Cunard had the Mauretania, the Aquitania, and half the ownership of the Imperator, renamed Berengaria, one of the German monster ships of over 50,000 tons. The Bismarck passed to the WSL and renamed the Majestic (No 2), again on the basis of a 50% share with Cunard. The arrangement was clumsy and was soon abandoned. Instead, each company accepted the responsibility for one ship. With these three ships, Cunard was in a strong position to maintain its express service from Southampton to New York. Five main Atlantic routes were serviced including a new venture between Hamburg and New York.

RMS Berengaria (1921)
RMS Berengaria (1921)

In 1922, a new service from Liverpool to Canada began with the Albania and was quickly developed when the Carmania and Caronia joined her.


The "Queens" Project

The Mauretania, Aquitania and Berengaria would become outclassed by the early thirties. A period of intense economic nationalism set in; the Atlantic had become a prestige route. There were also changes in travelling habits. Holidays in America or in Europe were no longer confined to the wealthy; with affordable fares in Second and Third Class, the idea of pleasure cruising took hold.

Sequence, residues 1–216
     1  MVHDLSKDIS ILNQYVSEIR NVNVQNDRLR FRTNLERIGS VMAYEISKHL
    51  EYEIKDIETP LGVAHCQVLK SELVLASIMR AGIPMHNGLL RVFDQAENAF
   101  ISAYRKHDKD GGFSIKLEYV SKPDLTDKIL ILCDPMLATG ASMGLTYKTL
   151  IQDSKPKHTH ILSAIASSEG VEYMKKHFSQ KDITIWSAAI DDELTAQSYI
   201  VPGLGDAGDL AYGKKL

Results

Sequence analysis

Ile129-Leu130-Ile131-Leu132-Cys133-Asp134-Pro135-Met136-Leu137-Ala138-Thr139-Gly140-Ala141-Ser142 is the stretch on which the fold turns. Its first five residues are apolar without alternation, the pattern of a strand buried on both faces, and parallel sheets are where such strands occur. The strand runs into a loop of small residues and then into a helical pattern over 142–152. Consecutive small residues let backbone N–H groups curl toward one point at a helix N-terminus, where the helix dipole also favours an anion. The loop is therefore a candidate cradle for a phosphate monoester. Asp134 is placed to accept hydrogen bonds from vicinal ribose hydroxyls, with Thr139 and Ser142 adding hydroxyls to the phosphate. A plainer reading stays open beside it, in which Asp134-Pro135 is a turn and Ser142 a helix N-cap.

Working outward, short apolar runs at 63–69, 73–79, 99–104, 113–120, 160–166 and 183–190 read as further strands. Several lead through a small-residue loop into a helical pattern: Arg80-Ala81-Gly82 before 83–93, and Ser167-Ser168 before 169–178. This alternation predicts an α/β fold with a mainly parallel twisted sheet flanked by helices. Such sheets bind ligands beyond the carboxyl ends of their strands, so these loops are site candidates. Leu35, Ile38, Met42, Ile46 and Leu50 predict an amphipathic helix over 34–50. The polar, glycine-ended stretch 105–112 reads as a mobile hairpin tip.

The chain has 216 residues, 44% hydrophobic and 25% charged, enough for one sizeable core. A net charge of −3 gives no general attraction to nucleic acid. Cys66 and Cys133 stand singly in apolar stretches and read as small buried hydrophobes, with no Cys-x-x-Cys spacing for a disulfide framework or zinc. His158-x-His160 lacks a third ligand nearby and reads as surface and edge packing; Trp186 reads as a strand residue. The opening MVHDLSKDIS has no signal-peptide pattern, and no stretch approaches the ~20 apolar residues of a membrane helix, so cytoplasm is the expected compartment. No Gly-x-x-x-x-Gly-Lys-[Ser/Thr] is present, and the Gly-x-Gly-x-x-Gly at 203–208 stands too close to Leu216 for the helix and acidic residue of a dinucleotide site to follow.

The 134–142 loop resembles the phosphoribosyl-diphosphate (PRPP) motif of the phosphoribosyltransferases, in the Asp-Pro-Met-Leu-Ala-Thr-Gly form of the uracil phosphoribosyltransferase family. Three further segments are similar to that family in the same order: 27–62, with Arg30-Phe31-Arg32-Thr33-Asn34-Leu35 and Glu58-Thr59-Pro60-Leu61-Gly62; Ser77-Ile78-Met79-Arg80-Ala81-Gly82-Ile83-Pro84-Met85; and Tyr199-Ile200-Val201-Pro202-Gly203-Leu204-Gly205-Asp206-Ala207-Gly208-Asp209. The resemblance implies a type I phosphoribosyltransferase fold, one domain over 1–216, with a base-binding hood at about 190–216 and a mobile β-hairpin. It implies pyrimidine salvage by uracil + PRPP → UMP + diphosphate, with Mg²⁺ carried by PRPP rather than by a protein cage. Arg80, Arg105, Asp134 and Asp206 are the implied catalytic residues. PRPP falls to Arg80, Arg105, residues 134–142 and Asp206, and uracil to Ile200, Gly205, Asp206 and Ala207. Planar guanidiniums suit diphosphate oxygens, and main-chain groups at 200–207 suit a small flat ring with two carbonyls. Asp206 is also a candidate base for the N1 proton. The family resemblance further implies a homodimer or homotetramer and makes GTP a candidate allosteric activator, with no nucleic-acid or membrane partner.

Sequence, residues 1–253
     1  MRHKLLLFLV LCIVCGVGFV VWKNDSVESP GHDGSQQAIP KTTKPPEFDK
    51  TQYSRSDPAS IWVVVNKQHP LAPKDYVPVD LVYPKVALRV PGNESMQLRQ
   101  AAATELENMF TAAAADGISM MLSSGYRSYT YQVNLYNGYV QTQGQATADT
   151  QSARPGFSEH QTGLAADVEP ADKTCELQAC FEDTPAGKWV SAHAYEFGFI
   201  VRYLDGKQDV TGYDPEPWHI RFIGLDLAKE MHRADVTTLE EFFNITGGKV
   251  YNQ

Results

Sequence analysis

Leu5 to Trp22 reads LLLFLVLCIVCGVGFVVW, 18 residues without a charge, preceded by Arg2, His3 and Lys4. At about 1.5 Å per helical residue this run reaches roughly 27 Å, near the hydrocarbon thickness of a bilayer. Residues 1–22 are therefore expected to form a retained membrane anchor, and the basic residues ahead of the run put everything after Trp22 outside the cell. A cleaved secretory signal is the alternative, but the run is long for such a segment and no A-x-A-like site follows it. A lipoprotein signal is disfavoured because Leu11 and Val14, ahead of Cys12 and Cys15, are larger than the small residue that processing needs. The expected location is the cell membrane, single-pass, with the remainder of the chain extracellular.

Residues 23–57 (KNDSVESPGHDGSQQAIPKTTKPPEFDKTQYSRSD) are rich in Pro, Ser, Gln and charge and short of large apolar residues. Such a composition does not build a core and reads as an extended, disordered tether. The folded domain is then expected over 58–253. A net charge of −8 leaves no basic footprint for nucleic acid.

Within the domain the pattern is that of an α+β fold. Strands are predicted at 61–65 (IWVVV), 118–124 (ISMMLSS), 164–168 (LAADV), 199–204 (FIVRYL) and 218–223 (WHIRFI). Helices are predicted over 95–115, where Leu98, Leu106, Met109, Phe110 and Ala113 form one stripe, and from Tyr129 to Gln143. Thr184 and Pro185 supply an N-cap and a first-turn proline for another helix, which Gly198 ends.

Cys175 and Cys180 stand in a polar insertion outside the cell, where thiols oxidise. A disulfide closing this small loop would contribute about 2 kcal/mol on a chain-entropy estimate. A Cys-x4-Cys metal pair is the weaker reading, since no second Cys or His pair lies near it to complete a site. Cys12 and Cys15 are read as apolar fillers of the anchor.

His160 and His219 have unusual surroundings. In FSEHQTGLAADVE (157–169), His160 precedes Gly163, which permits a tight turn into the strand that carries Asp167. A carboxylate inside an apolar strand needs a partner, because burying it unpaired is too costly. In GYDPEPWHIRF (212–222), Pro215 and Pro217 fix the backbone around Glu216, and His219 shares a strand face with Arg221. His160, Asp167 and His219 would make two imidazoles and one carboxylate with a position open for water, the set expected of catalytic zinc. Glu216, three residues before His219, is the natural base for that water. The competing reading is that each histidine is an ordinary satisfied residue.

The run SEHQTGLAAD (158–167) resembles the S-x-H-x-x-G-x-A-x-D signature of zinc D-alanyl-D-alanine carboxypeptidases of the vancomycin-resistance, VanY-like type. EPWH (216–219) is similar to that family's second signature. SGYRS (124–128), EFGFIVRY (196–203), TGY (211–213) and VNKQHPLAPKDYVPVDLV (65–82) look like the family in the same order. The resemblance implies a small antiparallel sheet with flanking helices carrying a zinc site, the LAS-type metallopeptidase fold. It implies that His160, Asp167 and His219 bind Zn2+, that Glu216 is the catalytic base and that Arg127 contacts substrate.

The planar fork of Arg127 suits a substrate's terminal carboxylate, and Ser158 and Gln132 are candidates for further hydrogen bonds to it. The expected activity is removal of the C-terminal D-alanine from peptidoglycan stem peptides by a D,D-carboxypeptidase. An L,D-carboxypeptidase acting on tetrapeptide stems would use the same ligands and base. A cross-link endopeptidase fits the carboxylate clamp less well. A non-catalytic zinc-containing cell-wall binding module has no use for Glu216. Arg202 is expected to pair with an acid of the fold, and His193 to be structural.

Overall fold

Innovations of this kind meant better utilisation of tonnage, and winter cruising in particular, when Atlantic traffic was lower, produced useful alternative revenues.

Future designs of ships had to embrace the latest technical advancements. Such construction would come at a huge cost. A super-liner could cost up¬wards of £5 million, a considerable sum in the 1920s. Cunard envisaged that a financially feasible weekly express service between Southampton and New York was only possible with two ships: the Queen Mary and the Queen Elizabeth. Every week in the year (with the exception only of overhaul periods) one ship would leave Southampton, the other New York. To achieve this, the guaranteed service speed had to be 28 knots.

An irony of the Queen Mary's beginning, was the coincidence of a world economic slump. Construction work was halted on the Queen Mary in December 1931. For 27 months she lay on the stocks at Clydebank. During this whole period, foreign nations were going ahead with Atlantic super-liners, most of them subsidised.